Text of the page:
Enter the Haggis had just completed a new album, “The Archer’s Parade,” earlier that year but couldn’t perform the songs live. As Buchanan noted then, the money the band earned from its online presentations was a godsend: “Fans who had the means to donate were able to do so knowing that they were supporting us directly.”

Buchanan and his wife, Rose Baldino, a fiddler and singer in the band, also perform in an acoustic trio, “House of Hamill,” and their sold-out show in March at The Parlor Room in Northampton was a blast. Their full band will probably be even better.

 

To ring in the new year with some different music, consider heading to Northampton’s Academy of Music on Dec. 30 at 7 p.m., where the Berkshire Bach Society will present its annual Bach at New Year’s: A Very Baroque Celebration.

The show is part of a series of concerts the Bach Society has presented since 1993 at the turn of the year. They’re led by violinist Eugene Drucker, the group’s veteran music director and a nine-time Grammy Award winner who’s also a co-founder of the noted Emerson String Quartet.

Bach will certainly be on the Dec. 30 program, but so will the music of Biber, Corelli, Handel, and Telemann.

More music on tap

There will be plenty to dance to at Easthampton’s Marigold Theater tonight (Friday, Dec. 29) when Shokazoba, the popular Valley Afrofunk ensemble, and Kae Sharp, who offers booming drum and bass mixes, play a dual show; doors open at 7 p.m.

Luthiers Co-op is closing down for about 10 days of vacation, but you catch their last show Dec. 30, beginning at 7 p.m. with singer/songwriter Helen Hummel, followed by the Pamela Means Jazz Project and singer/songwriter Matthew Thorton.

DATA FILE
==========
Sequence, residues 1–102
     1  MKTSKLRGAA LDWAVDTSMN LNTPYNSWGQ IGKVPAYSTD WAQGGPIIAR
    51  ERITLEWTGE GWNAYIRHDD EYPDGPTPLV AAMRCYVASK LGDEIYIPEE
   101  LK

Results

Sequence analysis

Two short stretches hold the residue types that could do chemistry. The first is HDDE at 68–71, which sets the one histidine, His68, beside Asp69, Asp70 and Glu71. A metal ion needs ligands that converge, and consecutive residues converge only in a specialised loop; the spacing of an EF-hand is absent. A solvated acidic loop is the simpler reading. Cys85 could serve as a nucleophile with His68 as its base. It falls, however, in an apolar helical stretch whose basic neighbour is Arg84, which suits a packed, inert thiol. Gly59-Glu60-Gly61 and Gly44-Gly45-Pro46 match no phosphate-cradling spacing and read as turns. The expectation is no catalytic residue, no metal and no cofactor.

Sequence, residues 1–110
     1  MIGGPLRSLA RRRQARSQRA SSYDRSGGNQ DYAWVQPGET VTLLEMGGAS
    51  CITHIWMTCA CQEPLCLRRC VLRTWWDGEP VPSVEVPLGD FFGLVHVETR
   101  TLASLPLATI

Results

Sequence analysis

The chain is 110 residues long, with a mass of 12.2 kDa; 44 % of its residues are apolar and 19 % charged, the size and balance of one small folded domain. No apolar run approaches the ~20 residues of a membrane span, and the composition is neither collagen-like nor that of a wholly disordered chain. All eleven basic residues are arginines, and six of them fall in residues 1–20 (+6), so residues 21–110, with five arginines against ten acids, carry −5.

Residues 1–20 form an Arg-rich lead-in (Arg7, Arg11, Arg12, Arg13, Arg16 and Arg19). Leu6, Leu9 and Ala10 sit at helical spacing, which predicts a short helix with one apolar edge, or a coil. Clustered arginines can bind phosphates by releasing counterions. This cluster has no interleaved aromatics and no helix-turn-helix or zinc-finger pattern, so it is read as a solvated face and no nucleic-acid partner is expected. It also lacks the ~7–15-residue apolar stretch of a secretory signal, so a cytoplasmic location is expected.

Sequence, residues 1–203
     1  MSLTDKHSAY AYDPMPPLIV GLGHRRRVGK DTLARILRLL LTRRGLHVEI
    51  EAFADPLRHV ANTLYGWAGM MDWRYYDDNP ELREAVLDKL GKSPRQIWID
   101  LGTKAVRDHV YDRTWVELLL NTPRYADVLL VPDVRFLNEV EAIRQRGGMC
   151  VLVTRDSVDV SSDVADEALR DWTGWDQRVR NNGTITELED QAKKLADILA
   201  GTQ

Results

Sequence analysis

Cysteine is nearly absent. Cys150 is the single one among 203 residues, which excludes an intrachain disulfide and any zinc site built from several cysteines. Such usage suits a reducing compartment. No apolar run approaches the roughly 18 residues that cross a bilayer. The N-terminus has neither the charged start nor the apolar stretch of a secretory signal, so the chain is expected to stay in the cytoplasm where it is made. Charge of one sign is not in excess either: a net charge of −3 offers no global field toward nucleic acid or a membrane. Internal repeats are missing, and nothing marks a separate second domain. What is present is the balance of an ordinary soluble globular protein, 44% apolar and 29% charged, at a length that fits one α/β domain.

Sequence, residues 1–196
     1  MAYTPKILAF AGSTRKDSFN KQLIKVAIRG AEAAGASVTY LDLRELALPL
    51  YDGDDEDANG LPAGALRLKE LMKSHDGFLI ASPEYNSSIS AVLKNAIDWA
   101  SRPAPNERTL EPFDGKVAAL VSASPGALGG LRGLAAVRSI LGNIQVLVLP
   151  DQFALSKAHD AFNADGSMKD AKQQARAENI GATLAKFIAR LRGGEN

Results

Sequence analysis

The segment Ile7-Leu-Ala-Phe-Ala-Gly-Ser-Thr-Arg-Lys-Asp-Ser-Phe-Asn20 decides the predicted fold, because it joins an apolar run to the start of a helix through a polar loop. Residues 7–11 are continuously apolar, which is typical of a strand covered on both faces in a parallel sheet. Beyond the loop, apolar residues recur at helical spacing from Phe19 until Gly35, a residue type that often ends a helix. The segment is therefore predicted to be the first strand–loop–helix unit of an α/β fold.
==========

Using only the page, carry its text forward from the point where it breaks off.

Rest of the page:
At 8 p.m. on Dec. 30 at the Shea Theater in Turners Falls, Wolfman Jack plays the music of the early Grateful Dead, while Jatoba offers what it calls “groovegrass” (a combination of bluegrass and newgrass).

There are too many shows at First Night Northampton 2024 to list here, but you can visit firstnightnorthampton.org to see for yourself. A couple of recommendations: Tracy Grammer & Jim Henry and Soul Magnets.

The A.R.H.S. Cabaret at The Drake in Amherst, a 7:30 p.m. show on Jan. 6, features skits and small-group musical performances by students from Amherst Regional High School.

And for younger audiences, Carrie Ferguson and Liam Hurley will play a kids’ musical show at The Parlor Room on Jan. 7 at 10 a.m.

Blues singer and visual artist Lonnie Holley — the Guardian has called him one of 30 artists that “you should see live before you die” — will be backed up by the Afrofuturist collective Mourning [A] BLKstar at The Drake on Jan. 11 at 8 p.m. It’s part of the Secret Planet music series.